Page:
Iloilo City, its traffic and officials (2)

By: D’Observer

(THE author is a real person who fell in love with Iloilo and, well, an Ilongga. He wants to remain anonymous due to some “complications” but still, he raises very valid points in his contributions – Editor)

WITHOUT any doubt, Iloilo City has grown in many areas very fast in the last 20 years and so has the traffic with all its problems.

But has the mindset and behavior of its people and officials grown at a similar speed?

Incidents, accidents and attempts to deal with the obvious problems raise serious doubts. Loads of city ordinances, laws and regulations have been passed, but have they been enforced by the authorities to counter the rapidly increasing number of accidents and fatalities?

Traffic lights have been posted, but too many of them don’t work any longer. The “intersection of too many accidents and deaths,” MacArthur Drive – Circumferential Road, is getting traffic lights finally, but do people have to be killed first before authorities take preventive measurements?

Recently, I learned of a comment by a Senator, that Filipino drivers are stupid. I partially agree with it, but why is it like this? Have the authorities enforced ordinances, laws, and regulations? Have applicants for a driver’s license given proper traffic education, training & examinations before they hit the roads?  A few weeks ago I met a guy who was issued a driver license at the age of 12 (twelve) years. His uncle applied for it and a friend of the uncle issued the license. Hard to believe, but true …

Let’s face it, too many drivers, or “idiots behind the steering wheel” have become extremely selfish and pride themselves with violating the laws and regulations, due to the weak law enforcement in Iloilo City, AND KILL …  Anyway, law enforcement seems to be mostly seasonable (i.e. Christmas, Easter etc).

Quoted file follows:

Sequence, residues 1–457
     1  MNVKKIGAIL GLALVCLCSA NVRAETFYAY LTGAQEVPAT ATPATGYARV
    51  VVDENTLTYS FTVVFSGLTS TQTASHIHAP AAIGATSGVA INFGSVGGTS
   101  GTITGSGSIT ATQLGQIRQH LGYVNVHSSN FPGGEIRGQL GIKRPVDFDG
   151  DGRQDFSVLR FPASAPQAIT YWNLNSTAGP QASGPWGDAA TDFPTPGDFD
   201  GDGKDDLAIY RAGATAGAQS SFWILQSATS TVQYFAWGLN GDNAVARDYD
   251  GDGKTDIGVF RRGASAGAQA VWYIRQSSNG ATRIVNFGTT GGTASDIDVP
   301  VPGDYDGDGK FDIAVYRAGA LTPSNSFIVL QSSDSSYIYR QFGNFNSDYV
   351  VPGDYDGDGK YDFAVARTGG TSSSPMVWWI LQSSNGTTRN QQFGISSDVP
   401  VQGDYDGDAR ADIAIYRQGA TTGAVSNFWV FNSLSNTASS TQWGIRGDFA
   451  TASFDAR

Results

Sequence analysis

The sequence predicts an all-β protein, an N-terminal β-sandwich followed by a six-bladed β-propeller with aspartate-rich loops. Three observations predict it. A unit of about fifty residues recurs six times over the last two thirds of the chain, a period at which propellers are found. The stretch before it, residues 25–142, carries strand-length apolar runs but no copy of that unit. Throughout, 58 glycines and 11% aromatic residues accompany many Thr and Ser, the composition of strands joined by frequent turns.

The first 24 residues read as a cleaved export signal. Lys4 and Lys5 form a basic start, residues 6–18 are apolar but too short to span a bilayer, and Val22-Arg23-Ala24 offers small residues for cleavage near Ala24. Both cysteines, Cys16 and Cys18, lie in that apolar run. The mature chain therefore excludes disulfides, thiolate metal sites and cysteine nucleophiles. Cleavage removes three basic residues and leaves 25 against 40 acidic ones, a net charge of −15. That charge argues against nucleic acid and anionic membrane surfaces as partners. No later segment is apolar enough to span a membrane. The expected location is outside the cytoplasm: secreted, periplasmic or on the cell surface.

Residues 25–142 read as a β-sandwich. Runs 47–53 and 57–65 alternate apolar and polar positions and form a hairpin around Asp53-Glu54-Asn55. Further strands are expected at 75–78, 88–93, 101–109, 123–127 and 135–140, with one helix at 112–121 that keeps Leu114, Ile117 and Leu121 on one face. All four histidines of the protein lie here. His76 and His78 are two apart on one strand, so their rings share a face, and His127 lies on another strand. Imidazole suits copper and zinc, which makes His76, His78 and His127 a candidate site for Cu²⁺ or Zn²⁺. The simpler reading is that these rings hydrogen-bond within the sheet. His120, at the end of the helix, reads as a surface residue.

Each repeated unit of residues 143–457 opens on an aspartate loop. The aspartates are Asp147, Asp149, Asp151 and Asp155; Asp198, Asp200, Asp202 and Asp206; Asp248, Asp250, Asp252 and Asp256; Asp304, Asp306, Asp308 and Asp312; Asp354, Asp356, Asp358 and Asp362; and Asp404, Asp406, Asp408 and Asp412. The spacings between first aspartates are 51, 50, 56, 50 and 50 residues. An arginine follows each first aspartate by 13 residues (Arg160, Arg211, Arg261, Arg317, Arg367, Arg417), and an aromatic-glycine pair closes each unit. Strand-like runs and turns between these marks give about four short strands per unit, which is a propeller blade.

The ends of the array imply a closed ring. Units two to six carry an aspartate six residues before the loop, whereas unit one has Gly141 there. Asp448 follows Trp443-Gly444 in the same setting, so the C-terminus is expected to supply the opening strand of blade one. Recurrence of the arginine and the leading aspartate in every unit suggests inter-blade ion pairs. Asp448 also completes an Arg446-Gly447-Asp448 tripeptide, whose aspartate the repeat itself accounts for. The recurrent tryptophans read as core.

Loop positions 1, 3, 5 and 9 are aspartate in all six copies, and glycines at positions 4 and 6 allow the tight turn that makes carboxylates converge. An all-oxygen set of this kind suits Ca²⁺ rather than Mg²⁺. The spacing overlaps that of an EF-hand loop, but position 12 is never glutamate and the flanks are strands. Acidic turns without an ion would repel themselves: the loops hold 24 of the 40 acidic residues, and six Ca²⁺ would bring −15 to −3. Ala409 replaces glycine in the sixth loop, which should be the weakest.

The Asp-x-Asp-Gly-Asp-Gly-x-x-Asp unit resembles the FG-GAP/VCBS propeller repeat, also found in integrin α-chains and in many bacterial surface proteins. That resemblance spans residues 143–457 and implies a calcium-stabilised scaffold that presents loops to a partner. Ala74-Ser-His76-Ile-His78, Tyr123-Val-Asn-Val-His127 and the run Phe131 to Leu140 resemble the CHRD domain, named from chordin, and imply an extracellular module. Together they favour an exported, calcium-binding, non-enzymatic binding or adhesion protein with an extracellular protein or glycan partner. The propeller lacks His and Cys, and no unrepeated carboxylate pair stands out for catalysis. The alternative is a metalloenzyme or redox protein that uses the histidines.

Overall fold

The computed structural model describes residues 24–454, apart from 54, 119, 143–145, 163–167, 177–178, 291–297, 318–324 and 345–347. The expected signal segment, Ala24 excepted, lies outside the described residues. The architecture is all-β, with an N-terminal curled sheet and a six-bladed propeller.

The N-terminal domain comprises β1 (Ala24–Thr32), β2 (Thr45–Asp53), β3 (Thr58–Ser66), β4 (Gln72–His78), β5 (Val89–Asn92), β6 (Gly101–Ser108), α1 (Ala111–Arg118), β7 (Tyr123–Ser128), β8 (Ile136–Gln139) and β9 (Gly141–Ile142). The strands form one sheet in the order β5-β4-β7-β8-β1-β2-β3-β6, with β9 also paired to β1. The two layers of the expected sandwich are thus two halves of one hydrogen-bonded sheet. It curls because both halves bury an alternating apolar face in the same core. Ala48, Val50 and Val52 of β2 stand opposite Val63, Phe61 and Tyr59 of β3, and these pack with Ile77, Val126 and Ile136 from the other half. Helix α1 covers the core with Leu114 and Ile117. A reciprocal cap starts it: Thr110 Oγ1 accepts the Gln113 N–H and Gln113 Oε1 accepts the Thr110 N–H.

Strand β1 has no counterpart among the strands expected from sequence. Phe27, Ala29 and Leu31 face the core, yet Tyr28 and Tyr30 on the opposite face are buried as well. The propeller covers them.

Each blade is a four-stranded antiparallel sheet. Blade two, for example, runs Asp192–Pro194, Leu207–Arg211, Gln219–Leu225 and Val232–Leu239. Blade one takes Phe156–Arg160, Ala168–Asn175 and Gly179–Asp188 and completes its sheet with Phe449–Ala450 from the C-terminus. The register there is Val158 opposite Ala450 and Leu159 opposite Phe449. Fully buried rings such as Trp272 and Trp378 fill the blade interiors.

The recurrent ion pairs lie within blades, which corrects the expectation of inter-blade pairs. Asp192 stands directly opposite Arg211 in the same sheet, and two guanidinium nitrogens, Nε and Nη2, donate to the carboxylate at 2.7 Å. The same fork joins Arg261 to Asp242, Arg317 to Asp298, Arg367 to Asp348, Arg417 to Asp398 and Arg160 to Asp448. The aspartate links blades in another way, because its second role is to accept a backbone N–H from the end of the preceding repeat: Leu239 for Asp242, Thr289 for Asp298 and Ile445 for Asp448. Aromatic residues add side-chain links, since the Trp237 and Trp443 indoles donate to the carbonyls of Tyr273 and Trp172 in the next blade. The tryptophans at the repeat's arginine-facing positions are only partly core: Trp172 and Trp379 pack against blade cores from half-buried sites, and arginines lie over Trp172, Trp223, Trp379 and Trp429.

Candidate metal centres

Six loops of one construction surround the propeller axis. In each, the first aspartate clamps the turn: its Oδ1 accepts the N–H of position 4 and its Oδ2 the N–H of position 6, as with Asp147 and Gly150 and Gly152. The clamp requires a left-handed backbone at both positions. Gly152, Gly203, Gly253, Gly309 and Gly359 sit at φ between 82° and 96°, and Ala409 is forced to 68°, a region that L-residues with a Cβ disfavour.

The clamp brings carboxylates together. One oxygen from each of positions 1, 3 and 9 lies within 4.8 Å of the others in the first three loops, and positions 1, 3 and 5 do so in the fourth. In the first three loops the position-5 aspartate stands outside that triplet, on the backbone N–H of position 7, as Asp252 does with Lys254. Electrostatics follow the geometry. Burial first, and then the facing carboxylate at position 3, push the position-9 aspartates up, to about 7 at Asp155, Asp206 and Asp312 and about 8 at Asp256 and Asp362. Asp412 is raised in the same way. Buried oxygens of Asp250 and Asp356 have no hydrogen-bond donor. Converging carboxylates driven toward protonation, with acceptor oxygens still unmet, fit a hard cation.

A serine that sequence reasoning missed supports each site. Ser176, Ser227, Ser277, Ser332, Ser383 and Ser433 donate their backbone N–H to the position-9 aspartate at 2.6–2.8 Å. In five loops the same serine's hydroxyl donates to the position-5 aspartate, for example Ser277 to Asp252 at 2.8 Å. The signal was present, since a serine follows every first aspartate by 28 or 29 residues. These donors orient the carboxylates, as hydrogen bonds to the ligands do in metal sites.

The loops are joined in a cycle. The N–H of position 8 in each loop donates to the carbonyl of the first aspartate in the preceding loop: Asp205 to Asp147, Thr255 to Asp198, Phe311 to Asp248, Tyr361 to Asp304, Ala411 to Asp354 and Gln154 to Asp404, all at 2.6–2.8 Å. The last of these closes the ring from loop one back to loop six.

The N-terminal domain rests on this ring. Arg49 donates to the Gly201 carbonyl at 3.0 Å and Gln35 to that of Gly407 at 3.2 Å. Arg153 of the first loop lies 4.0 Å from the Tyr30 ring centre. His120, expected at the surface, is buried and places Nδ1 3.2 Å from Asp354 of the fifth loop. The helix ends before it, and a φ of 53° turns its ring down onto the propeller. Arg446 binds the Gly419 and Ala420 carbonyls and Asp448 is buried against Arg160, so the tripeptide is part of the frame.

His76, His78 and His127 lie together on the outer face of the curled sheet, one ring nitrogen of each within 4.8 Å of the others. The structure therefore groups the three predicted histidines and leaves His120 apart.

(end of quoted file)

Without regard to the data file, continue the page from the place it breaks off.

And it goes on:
The recent killing on Diversion Road is an extremely sad example for the traffic situation in Iloilo City and the failure of the authorities. It happened early morning, hardly any traffic on a Saturday morning, four lanes either way, a driver in a sports car and the complete disregard for traffic laws and regulations, a deadly combination for two people. The woman was the cousin of a friend of mine. I hope the driver gets a fair trial and justice will prevail.

Lots of people will bring forward their suggestions on how to prevent a similar accident to happen again and to make life on our roads safer. This recent killing could happen anywhere in Iloilo City because of the rampant disregard for traffic ordinances, laws, and regulations.

In my opinion, there is only one solution, “BACK TO BASICS”. Enforce and penalize violations of traffic ordinances, laws, and regulations, no matter how minor the violation and “sans favor,” to re-establish law and order on Iloilo’s streets again.

The incoming flow of money has to be used for employment of more traffic aides, as well as better training and better wages of traffic aides. Singapore has shown that such measurements will work to solve the problem, but there has to be also the will power by the authorities to do it. The intelligent traffic system or ITS could be a useful tool, provided there is constant power supply.

Every driver involved in an accident or any violation has to undergo a “refresher” course on traffic rules (i.e. Street Markings, Pedestrian Protection Act, etc) before getting the drivers license back. Who are the ones mostly involved in accidents? PUJ & taxi drivers as well as motorcycle riders are involved in about 75% of all accidents.

It also should not be forgotten to penalize pedestrians for any violation and educate them. Too many still cross the streets wherever it suits them. Remember, we are living meanwhile in the 21st century and not in the nineteen fifties with hardly any traffic.

Parents, teachers and officials have to teach the pupils and students to make use of the nearest pedestrian crossing and not cross wherever they want. But parents, teachers and officials also have to be good examples and make use of the nearest pedestrian crossing, which is unfortunately not too often the case.